So I use the stuff only sparingly and in a reactive way:  only AFTER I see them does the powder come out.  It takes a day for the f*ckers to eat sh*t and die, but…all I need to do is hose the food off and it’s edible.  I still keep the covers on so no other creature from the order Lepidoptera gets affected.  And yes, it’s easier than squishing…and just as sickly satisfying, come to think of it.

On barnyard sexual politics

Jellybean, Number 2 Rooster (with turkey poult and Ruby in background)

My garden lacks any shade at all.  This is not a bad thing, unless I wish to do a little pleasant sit-down hand task like I wished to do on this sunny, hot, breeze-less evening after work.  So, I made like any sensible animal would do and took my task (cleaning 50 heads of softneck garlic) to the shade found on the back deck.  And being a civilized social animal, I filled a small tumbler full of rosé and sat down.

Number 2 Rooster Jellybean espied me as my butt hit the chair and came sauntering down the walk in his mincing, pigeontoed, not-quite-cock-of-the-walk way.  Eyeballing any and all situations IS the Number 2 Rooster’s job, after all, and he was sizing me up to his advantage.  Because it was after 5:00 and Chicken Happy Hour was in full swing (i.e., all poultry out and about) I watched to see what he would do.  His thoughts were eminently transparent to me.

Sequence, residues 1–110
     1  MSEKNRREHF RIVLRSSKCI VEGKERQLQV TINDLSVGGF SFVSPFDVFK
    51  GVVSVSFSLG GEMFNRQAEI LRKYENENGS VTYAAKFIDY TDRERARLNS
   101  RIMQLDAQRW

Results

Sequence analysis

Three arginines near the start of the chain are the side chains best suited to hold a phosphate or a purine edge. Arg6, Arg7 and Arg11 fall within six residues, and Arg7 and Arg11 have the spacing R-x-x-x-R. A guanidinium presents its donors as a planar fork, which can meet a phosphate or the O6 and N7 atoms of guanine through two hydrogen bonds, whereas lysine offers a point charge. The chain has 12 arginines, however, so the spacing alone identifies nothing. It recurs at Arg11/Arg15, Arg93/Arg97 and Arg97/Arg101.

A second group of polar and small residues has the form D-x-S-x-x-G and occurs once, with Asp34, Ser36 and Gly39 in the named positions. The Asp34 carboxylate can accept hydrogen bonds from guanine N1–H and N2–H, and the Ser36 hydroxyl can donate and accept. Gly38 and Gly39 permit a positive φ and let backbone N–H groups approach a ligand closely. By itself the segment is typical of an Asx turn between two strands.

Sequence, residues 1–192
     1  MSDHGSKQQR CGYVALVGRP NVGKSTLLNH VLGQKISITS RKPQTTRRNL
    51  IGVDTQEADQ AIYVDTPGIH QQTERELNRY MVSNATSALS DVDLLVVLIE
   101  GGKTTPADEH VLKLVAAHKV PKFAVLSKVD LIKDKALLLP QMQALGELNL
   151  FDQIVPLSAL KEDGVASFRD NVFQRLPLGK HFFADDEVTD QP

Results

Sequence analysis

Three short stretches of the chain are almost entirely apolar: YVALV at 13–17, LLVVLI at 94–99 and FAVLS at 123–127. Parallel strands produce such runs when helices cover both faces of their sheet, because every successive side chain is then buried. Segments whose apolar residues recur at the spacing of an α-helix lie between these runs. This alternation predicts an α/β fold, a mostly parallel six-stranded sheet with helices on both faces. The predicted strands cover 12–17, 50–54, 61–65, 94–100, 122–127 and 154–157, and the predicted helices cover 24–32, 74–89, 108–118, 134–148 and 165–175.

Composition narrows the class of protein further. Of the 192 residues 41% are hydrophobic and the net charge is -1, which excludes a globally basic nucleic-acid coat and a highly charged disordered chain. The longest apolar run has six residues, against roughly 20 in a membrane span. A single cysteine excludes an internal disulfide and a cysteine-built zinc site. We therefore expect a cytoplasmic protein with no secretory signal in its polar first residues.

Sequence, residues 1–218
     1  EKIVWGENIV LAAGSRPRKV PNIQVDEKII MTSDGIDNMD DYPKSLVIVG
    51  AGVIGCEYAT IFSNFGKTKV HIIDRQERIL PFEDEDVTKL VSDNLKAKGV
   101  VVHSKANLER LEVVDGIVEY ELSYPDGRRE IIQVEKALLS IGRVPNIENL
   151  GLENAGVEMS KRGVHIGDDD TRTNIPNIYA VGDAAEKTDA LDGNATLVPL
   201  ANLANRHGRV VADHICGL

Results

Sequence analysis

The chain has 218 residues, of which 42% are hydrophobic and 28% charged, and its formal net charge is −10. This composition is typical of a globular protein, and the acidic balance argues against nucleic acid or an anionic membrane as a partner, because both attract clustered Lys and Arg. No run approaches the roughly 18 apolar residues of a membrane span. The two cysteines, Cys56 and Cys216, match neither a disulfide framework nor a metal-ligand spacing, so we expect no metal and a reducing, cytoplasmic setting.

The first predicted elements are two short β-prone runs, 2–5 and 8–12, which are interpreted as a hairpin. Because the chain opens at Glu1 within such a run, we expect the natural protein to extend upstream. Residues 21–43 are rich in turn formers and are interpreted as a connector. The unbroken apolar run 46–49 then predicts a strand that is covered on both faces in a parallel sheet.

Some say it is wrong, verging on dangerous, to anthropomorphize one’s pets or farmyard creatures or, hell, the actions of any (other) creature living on earth.  Dangerous to whom, I always wondered:  even as a small child, I knew humans were animals…how we could ever think otherwise was a fight I fought until I won it (in my own head, anyway).  Let’s just say this:  it’s dangerous to NOT think that animals act as humans can.  Whether it’s dissing the animals or not to put the anthro- in front of the word  is the argument we should all have.

And so we have not-so-little Jellybean eying me from the side of the deck.  “Both big humans provide food, but this one provides food 99% of the time if she’s got a bowl in her hands, as she does right now.  Perhaps what she has is food,” is the way his thoughts turned, “and I will check,” thus taking a few pecks at the dessicated garlic leaves hanging over the edge of the deck, “and it is inedible, but the fact remains this human has a bowl in her hands,” and thus he began to do the call that mother hens and roosters do to let their charges know they have found food, please come running NOW.